You could almost see steam coming out of Chris Jansing's ears, and she is not having any of Trump's bull this morning.
"There is a lot to unpack there. Let me just mention briefly that he was defending his China policy. Right now the Dow is down about 530 points. That's over 2%. But to the point, he is going to Dayton. There you see now 577. He's going to Dayton, he's going to El Paso. Something that has reignited the conversation about guns in this country, but he is echoing what we have heard for so long from many Republicans and the NRA that this is a mental health problem, this is not a gun problem," said Jansing.
"I want to just make note as a fact check of a few things that the president had to say. He said, his critics are 'people who want to score political points and as much as possible I've been trying to stay out of it.' All you have to do is look at his twitter feed, including overnight, where he attacked Beto O'Rourke who is at home in El Paso, trying to talk to the people in that community and comfort them. He says he's tried to tone it down, tried to stay out of it. Look at his twitter feed. Look what he just said about Joe Biden. That is categorically untrue.
"He says he's going to do something beyond anything that's been done so far. Well, let's go back to Bill Clinton and let's look at the assault weapons ban, something that was then repealed. Now all of a sudden, that's not on the table. He says there is 'no appetite.' There is no appetite to ban large-capacity magazines, and then a minute or two later, he says he's going to be convincing people to do things that they don't want to do. So why is he talking about whether or not Congress has the will to do something and then saying he can convince people to do something that they don't want to do -- it's -- Victoria DeFrancesco is still with us. We also have members of our panel, Jim Kessler, Susan Del Percio. Victoria, I'll let you add on to that."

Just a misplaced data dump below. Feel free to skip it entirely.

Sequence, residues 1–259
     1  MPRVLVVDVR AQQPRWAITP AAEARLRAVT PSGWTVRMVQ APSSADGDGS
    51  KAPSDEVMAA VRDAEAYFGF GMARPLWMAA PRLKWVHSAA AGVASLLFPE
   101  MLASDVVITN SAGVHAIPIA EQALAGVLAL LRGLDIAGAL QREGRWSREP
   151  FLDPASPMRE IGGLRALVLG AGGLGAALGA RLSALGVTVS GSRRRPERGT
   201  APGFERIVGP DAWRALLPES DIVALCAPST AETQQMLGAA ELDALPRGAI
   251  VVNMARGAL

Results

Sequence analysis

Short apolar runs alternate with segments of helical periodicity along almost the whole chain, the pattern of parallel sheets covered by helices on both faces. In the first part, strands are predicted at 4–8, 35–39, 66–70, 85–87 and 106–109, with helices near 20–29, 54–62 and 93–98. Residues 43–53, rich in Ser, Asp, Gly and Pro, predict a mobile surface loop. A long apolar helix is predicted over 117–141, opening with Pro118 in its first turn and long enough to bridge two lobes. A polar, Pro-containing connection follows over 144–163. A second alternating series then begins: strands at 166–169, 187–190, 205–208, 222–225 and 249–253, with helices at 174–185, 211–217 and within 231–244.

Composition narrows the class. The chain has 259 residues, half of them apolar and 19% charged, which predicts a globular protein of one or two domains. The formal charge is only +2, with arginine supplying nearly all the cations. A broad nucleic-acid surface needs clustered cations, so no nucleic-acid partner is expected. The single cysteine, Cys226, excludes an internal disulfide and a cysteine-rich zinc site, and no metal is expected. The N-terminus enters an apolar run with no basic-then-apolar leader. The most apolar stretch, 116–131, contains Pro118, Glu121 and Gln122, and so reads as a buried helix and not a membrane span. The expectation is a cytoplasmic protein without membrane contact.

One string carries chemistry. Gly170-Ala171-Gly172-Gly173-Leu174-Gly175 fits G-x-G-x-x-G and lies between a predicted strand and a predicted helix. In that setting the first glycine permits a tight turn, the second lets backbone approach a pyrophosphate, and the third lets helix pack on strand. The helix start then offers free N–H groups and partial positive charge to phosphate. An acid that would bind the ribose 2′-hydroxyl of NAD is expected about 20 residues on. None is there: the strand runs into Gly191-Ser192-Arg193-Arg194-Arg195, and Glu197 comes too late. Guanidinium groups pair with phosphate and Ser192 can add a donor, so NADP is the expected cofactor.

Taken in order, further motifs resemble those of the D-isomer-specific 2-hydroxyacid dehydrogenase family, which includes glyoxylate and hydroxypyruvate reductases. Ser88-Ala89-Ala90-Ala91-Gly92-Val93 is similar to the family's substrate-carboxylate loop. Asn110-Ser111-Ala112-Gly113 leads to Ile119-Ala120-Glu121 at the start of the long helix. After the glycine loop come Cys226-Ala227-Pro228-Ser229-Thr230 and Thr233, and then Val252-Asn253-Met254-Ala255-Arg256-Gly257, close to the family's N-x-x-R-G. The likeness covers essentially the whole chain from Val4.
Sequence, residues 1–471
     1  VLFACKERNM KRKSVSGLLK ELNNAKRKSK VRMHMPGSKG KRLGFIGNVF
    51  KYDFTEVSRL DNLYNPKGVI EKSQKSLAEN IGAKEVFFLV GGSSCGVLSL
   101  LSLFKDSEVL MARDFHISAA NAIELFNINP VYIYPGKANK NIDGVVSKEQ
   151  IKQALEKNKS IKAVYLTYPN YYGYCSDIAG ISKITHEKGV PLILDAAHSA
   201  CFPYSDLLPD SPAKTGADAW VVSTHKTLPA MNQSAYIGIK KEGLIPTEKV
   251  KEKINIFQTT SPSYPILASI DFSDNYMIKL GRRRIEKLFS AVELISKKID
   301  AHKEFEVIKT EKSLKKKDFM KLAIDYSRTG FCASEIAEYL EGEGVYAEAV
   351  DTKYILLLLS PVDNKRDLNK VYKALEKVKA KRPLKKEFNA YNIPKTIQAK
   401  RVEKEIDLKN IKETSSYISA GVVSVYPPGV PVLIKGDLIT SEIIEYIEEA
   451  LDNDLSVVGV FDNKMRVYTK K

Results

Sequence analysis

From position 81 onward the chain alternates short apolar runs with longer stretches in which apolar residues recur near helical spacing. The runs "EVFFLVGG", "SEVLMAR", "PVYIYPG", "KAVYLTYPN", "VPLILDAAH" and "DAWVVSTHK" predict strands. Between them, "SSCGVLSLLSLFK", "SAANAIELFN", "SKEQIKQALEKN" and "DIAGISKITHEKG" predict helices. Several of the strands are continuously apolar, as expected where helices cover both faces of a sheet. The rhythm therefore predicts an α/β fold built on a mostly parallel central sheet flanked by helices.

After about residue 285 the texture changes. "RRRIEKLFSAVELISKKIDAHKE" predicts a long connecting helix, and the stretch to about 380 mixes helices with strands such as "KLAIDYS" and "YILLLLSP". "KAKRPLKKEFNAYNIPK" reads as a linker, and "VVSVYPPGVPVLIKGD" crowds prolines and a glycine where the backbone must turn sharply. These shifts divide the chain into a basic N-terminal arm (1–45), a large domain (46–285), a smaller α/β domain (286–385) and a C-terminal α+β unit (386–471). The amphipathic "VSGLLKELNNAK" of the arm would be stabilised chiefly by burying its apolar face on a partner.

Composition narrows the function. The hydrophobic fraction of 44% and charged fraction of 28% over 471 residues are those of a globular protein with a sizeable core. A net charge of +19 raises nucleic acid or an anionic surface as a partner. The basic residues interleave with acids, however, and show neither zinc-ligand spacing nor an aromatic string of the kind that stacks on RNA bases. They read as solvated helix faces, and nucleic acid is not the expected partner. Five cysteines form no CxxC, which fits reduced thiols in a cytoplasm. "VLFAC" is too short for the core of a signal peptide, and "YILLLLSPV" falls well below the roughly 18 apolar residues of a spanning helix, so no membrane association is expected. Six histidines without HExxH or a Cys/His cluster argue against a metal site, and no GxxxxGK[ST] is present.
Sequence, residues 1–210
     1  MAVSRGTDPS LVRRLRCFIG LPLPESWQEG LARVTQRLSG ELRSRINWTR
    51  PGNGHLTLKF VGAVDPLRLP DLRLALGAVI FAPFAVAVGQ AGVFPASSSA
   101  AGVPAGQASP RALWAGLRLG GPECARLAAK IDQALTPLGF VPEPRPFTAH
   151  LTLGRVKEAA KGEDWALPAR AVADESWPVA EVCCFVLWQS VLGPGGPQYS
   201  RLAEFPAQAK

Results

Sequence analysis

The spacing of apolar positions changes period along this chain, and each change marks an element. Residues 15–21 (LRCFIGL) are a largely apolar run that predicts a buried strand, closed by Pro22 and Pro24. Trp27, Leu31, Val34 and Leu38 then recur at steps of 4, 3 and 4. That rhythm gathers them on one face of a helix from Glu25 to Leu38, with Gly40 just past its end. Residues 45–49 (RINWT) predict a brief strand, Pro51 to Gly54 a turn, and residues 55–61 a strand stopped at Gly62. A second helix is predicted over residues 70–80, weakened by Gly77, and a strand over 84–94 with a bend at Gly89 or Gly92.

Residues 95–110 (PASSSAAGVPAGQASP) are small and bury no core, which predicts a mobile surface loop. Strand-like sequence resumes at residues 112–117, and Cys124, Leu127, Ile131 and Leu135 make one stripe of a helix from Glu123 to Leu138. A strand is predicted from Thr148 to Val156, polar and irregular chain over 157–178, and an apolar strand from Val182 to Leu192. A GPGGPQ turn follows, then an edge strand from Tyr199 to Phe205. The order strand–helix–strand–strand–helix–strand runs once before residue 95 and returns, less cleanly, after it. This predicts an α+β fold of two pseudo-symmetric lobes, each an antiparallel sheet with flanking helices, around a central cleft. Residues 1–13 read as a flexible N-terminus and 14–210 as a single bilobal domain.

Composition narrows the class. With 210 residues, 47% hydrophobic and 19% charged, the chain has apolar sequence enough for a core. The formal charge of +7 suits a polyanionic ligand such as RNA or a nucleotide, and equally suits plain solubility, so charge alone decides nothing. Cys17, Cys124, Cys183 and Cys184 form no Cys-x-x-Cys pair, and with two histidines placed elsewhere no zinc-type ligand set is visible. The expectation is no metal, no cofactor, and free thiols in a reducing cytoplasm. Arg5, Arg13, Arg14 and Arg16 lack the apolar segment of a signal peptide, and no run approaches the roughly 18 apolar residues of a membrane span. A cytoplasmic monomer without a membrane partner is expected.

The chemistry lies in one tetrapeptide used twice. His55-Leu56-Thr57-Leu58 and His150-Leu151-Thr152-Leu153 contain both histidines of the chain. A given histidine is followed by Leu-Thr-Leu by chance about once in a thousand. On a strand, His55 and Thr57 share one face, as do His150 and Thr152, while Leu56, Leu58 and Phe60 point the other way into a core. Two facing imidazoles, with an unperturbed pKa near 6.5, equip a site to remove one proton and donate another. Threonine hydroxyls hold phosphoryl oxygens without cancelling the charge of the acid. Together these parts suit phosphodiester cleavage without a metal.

"Certainly after the tragedy in El Paso, the president tweeted out that we should link immigration to gun control. malice the epitome of making it political. Then in terms of whether there is an appetite or not an appetite, I think both Republicans and Democrats could agree that if President Trump wants something to move, he's going to pick up the phone, he's going to call Mitch McConnell, and Mitch McConnell will say, yes, sir, we'll do it. He really doesn't have a conundrum on his hands, he just needs to pick up the phone," DeFrancesco said.
"He has not picked up the phone to Mitch McConnell and said, get the Senate back here. The House (bill) has been passed. All we need is for you to vote on it. There are Republicans who said this could probably pass," Jansing said.
The panelists spelled out all the things Trump could do, including banning high-capacity magazines.
Jim Kessler, Schumer's former policy director, wasn't optimistic.
"I have seen this before. I have seen how it has played before. What will happen is there will be a universal background check bill that Republicans will be able to support, Mitch McConnell can support, it will have all sorts of loopholes and poison pills in there. The thing that needs to happen, it needs to be the Manchin Toomey bill or the bill that passed in the House. The NRA is not the organization it once was, that's for sure. But it knows how to play this game.
"And it's gonna will delay for a long time. And it will put things in the bill that only if you really understand the gun issue will you realize how damaging those pieces are. So we have got to make sure this is not a phony universal background check bill. If you know, the president does indeed twist arms and tries to get something done."